File Concepts

To a user, the file is the smallest unit of storage on a computer system. The user performs file operations such as open, close, read, write and modify. They can create or delete files from the system. In this article, you will learn the basics of file and file system.

File Concept

Computer store information in storage media such as disk, tape drives, and optical disks. The operating system provides a logical view of the information stored in the disk. This logical storage unit is a file.

The information stored in files are non-volatile, means they are not lost during power failures. A file is named collection of related information that is stored on physical storage.

Data cannot be written to a computer unless it is written to a file. A file, in general, is a sequence of bits, bytes, lines, or records defined by its owner or creator. The file has a structure defined by its owner or creator and depends on the file type.

  • Text file – It has a sequence of characters.
  • Image file – It has visual information such as photographs, vectors art and so on.
  • Source file – It has subroutines and function that are compiled later.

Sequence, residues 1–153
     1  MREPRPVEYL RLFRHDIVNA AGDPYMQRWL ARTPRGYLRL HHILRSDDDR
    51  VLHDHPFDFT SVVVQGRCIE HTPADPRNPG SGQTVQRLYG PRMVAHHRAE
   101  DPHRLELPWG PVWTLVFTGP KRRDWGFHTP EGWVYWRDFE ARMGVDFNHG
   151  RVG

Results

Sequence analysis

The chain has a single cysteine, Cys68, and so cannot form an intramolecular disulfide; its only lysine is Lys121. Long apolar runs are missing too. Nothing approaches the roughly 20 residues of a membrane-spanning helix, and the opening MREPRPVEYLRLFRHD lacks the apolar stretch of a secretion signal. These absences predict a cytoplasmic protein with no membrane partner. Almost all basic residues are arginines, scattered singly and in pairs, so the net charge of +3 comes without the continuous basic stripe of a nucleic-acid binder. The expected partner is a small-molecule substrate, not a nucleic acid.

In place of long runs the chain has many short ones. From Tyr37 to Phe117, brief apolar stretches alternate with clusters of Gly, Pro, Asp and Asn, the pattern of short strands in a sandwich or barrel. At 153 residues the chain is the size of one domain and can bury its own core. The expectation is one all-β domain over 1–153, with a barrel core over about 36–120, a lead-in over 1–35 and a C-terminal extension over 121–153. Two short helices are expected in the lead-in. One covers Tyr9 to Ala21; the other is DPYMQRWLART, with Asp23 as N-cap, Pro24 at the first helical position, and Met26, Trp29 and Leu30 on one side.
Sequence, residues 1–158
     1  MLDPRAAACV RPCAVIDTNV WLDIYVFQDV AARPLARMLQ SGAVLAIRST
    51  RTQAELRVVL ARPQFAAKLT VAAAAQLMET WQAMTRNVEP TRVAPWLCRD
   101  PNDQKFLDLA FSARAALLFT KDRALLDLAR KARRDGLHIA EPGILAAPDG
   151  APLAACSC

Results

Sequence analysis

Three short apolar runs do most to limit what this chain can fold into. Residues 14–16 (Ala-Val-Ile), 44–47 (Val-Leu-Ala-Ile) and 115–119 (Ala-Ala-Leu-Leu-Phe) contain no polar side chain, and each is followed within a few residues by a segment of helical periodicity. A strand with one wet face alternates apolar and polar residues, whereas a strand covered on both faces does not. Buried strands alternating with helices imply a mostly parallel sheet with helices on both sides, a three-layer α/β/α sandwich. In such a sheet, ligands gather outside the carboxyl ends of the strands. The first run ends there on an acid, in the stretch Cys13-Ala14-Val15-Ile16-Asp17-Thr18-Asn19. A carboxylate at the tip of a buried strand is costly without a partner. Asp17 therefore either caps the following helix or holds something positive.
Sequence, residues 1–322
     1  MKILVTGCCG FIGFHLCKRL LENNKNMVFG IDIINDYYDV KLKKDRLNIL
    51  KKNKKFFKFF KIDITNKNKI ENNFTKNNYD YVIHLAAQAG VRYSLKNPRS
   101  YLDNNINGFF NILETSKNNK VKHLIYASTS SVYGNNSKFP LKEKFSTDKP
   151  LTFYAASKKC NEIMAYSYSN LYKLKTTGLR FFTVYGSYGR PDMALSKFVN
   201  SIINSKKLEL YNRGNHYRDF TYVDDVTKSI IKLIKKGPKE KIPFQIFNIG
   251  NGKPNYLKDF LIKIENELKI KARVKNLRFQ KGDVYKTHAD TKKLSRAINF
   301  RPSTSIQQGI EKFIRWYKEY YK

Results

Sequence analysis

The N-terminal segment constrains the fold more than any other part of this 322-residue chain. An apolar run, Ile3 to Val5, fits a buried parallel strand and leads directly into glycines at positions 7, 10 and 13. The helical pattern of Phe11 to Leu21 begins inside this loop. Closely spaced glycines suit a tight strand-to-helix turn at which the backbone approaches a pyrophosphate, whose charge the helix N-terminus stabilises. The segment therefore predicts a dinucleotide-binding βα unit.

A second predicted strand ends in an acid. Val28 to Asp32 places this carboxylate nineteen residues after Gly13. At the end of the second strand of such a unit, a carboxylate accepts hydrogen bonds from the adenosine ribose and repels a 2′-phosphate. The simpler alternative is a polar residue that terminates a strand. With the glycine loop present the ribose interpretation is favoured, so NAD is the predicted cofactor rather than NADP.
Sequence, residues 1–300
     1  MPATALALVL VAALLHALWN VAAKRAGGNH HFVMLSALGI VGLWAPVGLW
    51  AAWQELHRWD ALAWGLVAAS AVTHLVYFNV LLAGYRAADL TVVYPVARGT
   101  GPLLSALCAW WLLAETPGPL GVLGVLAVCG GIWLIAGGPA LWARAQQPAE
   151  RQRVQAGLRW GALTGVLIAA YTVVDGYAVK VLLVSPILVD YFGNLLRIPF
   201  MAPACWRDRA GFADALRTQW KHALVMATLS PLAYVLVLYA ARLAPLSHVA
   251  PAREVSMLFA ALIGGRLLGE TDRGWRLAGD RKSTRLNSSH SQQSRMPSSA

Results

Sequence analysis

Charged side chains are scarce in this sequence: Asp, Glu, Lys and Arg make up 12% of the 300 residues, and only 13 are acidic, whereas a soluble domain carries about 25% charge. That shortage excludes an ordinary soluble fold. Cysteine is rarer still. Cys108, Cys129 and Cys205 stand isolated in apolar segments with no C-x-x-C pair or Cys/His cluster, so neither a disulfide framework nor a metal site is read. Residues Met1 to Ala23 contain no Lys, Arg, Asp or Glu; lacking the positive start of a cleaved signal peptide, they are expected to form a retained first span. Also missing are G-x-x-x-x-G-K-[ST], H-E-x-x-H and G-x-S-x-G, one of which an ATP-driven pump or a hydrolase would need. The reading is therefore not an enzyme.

• Object file – It has a sequence of bytes, organized into bytes and used by the linker.
  • Executable file – The binary code that the loader brings to memory for executioa n is stored in an exe file.

File Attributes

A file has a single e editable name given by its creator. The name never changes unless a user has necessary permission to change the file name. The names are given because it is humanly understandable.

The properties of a file can be different on many systems, however, some of them are common:

  1. Name – unique name for a human to recognize the file.
  2. Identifier – A unique number tag that identifies the file in the file system, and non-human readable.
  3. Type – Information about the file to get support from the system.
  4. Size – The current size of the file in bytes, kilobytes, or words.
  5. Access Control – Defines who could read, write, execute, change, or delete the file in the system.
  6. Time, Date, and User identification – This information kept for date created, last modified, or accessed and so on.

The information about the file is kept in a directory structure which also resides on the secondary storage.

File Operations

The operating system performs the following file operations using various system calls:

  1. Create
  2. Read
  3. Write
  4. Delete
  5. Reposition
  6. Truncate files

 

Create Files – User must have necessary disk space on the file system to create a file. A directory entry is required where the file is created.

Read Files – The system call requires file name and next block in memory to be read. The system needs a read pointer to read the file from a specific location in the file and this pointer is updated for the next read from the file.

Write Files – The system call uses same file pointers of the process to write to a file. This saves space and reduces complexity.

Repositioning within a file – The current-file-position pointer is repositioned to a given value. It does not involve an I/O, and known as file seek operation.